Fall is the best time to plant and an excellent opportunity to upgrade your landscape. We’ve seen some amazing transformations and want to reward your hard work! The winner of our Fall Photo Contest will be featured here on PlantingTree.com and receive a $250 PlantingTree gift card!
Whether you’re just moving into a new home or you’re looking to update the look of your yard we have easy landscaping ideas for the front of your house so you can get started.
Designing your landscaping can feel a little daunting, but that doesn’t have to be the case. In this article, we’ll discuss easy landscaping ideas for beginners. Our objective is to help you focus your project by giving you three important things to consider and guide you toward the plants that will work best for you.
Easy Landscaping Ideas for the Front of the House—The Basics
There are three essentials to consider when landscaping the front of a house.
- Functional design
- The architectural style of your home
Let’s first take a look at privacy. If part of your design objective includes privacy, you will want to clearly define the level of privacy you wish to attain.
If you’re concerned about regular sidewalk activity and cars passing by, you can focus on choosing plants that dull sound and provide a barrier to sightlines. If you have neighbors that enjoy boisterous outdoor parties and you’d like to create a buffer between their yard and yours, you may want to choose plants that add both height and a barrier to sound.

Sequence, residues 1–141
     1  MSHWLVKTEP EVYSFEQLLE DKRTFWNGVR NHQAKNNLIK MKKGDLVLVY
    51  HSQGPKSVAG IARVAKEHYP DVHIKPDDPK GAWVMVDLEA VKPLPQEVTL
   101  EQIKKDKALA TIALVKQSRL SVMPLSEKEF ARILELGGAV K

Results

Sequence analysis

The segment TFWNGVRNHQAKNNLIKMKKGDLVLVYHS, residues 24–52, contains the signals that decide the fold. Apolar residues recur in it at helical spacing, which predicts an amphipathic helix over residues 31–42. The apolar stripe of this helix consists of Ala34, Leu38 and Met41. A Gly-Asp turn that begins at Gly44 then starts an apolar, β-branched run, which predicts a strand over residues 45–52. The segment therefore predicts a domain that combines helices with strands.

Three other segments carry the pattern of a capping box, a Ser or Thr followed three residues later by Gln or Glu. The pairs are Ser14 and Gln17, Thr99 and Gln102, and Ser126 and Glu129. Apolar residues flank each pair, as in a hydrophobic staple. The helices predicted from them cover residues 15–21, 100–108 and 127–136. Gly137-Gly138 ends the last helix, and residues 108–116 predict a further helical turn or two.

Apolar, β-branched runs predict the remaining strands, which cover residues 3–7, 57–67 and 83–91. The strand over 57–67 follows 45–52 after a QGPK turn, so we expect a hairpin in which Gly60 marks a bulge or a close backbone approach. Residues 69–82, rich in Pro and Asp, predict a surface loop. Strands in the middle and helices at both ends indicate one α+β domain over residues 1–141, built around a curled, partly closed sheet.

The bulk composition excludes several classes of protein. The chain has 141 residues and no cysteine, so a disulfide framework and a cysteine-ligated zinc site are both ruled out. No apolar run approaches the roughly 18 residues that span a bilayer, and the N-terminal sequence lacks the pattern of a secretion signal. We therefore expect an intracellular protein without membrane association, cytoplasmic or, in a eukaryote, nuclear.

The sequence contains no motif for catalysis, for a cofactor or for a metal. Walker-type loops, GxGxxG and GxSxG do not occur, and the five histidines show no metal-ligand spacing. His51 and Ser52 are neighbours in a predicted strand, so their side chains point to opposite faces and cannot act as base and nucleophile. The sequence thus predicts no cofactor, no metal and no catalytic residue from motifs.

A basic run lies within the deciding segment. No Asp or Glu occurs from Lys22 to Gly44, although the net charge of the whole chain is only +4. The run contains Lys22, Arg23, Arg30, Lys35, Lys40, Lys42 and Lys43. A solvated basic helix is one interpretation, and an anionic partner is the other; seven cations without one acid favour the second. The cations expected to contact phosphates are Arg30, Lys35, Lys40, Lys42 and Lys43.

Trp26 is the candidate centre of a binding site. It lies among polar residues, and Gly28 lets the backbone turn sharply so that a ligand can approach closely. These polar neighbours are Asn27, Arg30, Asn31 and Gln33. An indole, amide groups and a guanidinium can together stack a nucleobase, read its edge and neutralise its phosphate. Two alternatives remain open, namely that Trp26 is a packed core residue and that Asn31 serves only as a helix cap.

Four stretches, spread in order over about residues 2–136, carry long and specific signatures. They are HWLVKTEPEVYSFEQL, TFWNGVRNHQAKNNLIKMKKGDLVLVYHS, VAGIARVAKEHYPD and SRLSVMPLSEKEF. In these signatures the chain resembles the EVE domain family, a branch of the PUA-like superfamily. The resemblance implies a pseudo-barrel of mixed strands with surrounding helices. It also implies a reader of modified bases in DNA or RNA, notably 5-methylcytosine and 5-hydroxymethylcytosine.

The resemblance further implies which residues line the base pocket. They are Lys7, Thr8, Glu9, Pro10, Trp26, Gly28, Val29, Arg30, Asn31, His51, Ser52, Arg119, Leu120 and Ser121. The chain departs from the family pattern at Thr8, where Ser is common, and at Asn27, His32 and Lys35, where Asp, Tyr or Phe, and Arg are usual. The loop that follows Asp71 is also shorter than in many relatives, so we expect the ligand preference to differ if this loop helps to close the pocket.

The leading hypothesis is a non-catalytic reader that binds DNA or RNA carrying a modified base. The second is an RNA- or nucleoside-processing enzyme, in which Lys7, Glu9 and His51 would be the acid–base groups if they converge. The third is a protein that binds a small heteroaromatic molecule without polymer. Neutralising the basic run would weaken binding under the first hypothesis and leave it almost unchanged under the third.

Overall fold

Whatever your objectives, planting for privacy means thinking in terms of landscaping layers. To do this, divide your front yard into four zones: foreground, middle ground, background, and borders. Once you’ve divided your yard, follow these easy landscaping ideas for beginners.
Your foreground layer is the one closest to the curb. There, you can plant a soft barrier. You can create these barriers using natural materials and other landscaping elements to be planted or easily placed. Elements including stone, trees, hedges, and shrubs are all a good choice.
Some of the smaller privacy hedges and shrubs we recommend include American Boxwood, Hicks Yew, Ligustrum, and Mugo Pine. Each of these plants helps create a soft barrier, clearly defining your yard. They are not as high as other privacy plants we offer, and they are all relatively low maintenance. Perfect for your foreground zone.
Now that we’ve addressed how you can use your foreground to address privacy needs let’s move to the other zones in your yard.
Background and Border Zone Privacy
You can use the background and border zones to block views and direct the eye. Whereas your foreground layer avoids obscured views, you can use the other zones to plant taller, fuller, and more dense trees and shrubs.
Our more robust privacy trees include the Thuja Green Giant, Steeds Holly, Wax Myrtle, and Leyland Cypress. The Steeds Holly requires the most maintenance of these four privacy trees due to its vulnerability to mites or scale. With a bit of attention, it is still considered a good privacy tree for beginners.
These easy landscaping ideas for beginners will help you achieve the level of privacy you wish to attain in the front of your house.
One important decision you’ll need to make when landscaping the front of your house is the central focus of your yard. Most people choose either their porch or their front door. Either way, you will use essential elements of design to draw the eye to your focal point. These elements are line, mass, and form.